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Scheiber I.F.,Charles University | Mercer J.F.B.,Deakin University | Dringen R.,University of Bremen | Dringen R.,Center for Environmental Research and Sustainable Technology
Progress in Neurobiology | Year: 2014

Copper is an important trace element that is required for essential enzymes. However, due to its redox activity, copper can also lead to the generation of toxic reactive oxygen species. Therefore, cellular uptake, storage as well as export of copper have to be tightly regulated in order to guarantee sufficient copper supply for the synthesis of copper-containing enzymes but also to prevent copper-induced oxidative stress. In brain, copper is of importance for normal development. In addition, both copper deficiency as well as excess of copper can seriously affect brain functions. Therefore, this organ possesses ample mechanisms to regulate its copper metabolism. In brain, astrocytes are considered as important regulators of copper homeostasis. Impairments of homeostatic mechanisms in brain copper metabolism have been associated with neurodegeneration in human disorders such as Menkes disease, Wilson's disease and Alzheimer's disease. This review article will summarize the biological functions of copper in the brain and will describe the current knowledge on the mechanisms involved in copper transport, storage and export of brain cells. The role of copper in diseases that have been connected with disturbances in brain copper homeostasis will also be discussed. © 2014 Elsevier Ltd. Source


Hirrlinger J.,The Interdisciplinary Center | Dringen R.,University of Bremen | Dringen R.,Center for Environmental Research and Sustainable Technology | Dringen R.,Monash University
Brain Research Reviews | Year: 2010

Astrocytes have important functions in the metabolism of the brain. These cells provide neurons with metabolic substrates for energy production as well as with precursors for neurotransmitter and glutathione synthesis. Both the metabolism of astrocytes and the subsequent supply of metabolites from astrocytes to neurons are strongly affected by alterations in the cellular redox state. The cytosolic redox state of astrocytes depends predominantly on the ratios of the oxidised and reduced partners of the redox pairs NADH/NAD +, NADPH/NADP + and GSH/GSSG. The NADH/NAD + pair is predominately in the oxidised state to accept electrons that are produced during glycolysis. In contrast, the redox pairs NADPH/NADP + and GSH/GSSG are biased towards the reduced state under unstressed conditions to provide electrons for reductive biosyntheses and antioxidative processes, respectively. In this review article we describe the metabolic processes that maintain the redox pairs in their desired redox states in the cytosol of astrocytes and discuss the consequences of alterations of the normal redox state for the regulation of cellular processes and for metabolite trafficking from astrocytes to neurons. © 2009 Elsevier B.V. Source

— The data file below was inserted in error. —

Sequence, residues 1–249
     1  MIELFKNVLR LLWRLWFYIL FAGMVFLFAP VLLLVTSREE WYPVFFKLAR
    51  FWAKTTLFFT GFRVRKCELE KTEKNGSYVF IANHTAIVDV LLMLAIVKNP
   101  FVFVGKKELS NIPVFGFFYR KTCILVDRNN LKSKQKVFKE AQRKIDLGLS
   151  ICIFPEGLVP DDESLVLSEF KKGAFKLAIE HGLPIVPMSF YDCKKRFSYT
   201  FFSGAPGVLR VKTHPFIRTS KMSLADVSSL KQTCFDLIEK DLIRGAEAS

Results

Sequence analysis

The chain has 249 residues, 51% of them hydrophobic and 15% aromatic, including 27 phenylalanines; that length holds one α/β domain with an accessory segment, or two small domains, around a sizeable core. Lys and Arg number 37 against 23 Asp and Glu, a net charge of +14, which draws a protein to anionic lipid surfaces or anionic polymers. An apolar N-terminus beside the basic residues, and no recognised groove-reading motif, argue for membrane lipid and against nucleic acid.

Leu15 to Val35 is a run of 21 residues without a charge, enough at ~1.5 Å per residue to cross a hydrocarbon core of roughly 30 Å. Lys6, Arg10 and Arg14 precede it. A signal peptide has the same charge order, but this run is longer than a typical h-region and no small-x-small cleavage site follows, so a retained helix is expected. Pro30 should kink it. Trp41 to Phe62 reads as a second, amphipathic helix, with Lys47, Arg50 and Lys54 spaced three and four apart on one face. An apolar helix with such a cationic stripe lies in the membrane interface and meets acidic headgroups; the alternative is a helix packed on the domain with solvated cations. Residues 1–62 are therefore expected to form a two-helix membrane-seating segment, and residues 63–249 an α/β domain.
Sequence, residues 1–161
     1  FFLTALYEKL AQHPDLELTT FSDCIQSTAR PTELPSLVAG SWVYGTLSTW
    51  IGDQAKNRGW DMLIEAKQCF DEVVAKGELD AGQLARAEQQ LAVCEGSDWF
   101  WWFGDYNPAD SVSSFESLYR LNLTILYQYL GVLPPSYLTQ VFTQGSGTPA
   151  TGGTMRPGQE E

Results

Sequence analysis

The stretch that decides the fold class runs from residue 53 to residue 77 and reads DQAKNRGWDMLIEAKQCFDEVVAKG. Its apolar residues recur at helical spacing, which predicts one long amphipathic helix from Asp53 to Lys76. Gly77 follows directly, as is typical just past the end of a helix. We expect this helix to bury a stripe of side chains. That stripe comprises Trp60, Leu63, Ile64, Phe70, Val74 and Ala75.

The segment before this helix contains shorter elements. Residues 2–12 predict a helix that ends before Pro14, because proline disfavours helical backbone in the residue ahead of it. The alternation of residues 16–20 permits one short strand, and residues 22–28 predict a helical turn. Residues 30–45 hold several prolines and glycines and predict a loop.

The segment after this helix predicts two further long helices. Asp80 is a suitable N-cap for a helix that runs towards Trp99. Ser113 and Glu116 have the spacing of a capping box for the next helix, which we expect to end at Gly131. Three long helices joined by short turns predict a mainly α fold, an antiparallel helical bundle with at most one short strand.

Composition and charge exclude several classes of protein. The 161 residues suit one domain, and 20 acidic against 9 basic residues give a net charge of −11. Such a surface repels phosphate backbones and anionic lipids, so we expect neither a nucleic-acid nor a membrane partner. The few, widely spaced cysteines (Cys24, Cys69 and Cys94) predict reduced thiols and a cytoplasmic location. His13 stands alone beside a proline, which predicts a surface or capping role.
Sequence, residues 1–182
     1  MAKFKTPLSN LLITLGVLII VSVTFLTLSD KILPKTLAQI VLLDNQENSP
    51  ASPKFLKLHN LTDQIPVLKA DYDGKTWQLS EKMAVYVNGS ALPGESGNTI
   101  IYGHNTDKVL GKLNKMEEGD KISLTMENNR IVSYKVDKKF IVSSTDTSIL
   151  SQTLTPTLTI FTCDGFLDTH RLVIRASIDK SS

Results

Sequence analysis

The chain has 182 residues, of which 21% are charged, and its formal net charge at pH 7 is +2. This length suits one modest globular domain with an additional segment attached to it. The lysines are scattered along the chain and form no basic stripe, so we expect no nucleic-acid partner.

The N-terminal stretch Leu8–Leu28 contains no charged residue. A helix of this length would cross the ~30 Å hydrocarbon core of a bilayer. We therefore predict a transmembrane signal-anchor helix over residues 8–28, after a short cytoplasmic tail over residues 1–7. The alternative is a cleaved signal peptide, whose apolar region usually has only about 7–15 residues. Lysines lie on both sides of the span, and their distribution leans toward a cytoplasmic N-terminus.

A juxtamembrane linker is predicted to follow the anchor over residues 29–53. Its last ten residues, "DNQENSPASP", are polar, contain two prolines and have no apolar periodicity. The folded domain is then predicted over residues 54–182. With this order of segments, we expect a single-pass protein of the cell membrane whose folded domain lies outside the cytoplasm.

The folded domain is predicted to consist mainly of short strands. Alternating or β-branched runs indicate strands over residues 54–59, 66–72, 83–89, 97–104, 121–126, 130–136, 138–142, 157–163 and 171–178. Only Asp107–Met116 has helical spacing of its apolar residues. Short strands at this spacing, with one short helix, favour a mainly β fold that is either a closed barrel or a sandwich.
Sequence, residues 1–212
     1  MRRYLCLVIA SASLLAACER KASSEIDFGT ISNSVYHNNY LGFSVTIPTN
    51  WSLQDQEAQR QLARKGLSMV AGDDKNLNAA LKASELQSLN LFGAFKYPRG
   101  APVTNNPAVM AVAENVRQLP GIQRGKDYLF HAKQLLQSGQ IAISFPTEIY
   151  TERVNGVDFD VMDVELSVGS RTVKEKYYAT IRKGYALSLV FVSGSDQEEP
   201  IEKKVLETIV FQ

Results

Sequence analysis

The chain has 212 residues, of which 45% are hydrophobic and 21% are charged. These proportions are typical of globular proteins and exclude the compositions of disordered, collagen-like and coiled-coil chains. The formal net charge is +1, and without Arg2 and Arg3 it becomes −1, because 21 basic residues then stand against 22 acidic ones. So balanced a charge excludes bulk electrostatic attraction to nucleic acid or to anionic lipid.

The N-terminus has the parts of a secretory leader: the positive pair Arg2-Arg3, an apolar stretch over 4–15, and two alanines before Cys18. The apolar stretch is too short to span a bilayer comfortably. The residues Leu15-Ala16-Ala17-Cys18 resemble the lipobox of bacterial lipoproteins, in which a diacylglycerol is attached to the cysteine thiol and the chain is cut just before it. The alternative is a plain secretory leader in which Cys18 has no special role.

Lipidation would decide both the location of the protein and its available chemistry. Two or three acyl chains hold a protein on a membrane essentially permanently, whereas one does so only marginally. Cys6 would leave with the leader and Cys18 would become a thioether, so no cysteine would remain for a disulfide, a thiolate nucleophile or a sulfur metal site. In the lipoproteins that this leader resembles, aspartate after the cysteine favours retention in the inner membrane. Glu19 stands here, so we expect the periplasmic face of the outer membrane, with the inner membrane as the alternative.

Tulpule K.,Indian Institute of Science | Dringen R.,University of Bremen | Dringen R.,Center for Environmental Research and Sustainable Technology
Journal of Neurochemistry | Year: 2013

Formaldehyde is an environmental pollutant that is also generated in substantial amounts in the human body during normal metabolism. This aldehyde is a well-established neurotoxin that affects memory, learning, and behavior. In addition, in several pathological conditions, including Alzheimer's disease, an increase in the expression of formaldehyde-generating enzymes and elevated levels of formaldehyde in brain have been reported. This article gives an overview on the current knowledge on the generation and metabolism of formaldehyde in brain cells as well as on formaldehyde-induced alterations in metabolic processes. Brain cells have the potential to generate and to dispose formaldehyde. In culture, both astrocytes and neurons efficiently oxidize formaldehyde to formate which can be exported or further oxidized. Although moderate concentrations of formaldehyde are not acutely toxic for brain cells, exposure to formaldehyde severely affects their metabolism as demonstrated by the formaldehyde-induced acceleration of glycolytic flux and by the rapid multidrug resistance protein 1-mediated export of glutathione from both astrocytes and neurons. These formaldehyde-induced alterations in the metabolism of brain cells may contribute to the impaired cognitive performance observed after formaldehyde exposure and to the neurodegeneration in diseases that are associated with increased formaldehyde levels in brain. The neurotoxin formaldehyde is an environmental pollutant that is also generated during normal brain metabolism. The levels of formaldehyde in brain increase with age and in some neurodegenerative disorders. As excess formaldehyde accelerates glycolysis and glutathione export in neural cells, formaldehyde-induced alterations in brain metabolism and oxidative stress may contribute to the pathological progression of neurodegenerative disorders. The neurotoxin formaldehyde is an environmental pollutant that is also generated during normal brain metabolism. The levels of formaldehyde in brain increase with age and in some neurodegenerative disorders. As excess formaldehyde accelerates glycolysis and glutathione export in neural cells, formaldehyde-induced alterations in brain metabolism and oxidative stress may contribute to the pathological progression of neurodegenerative disorders. © 2013 International Society for Neurochemistry. Source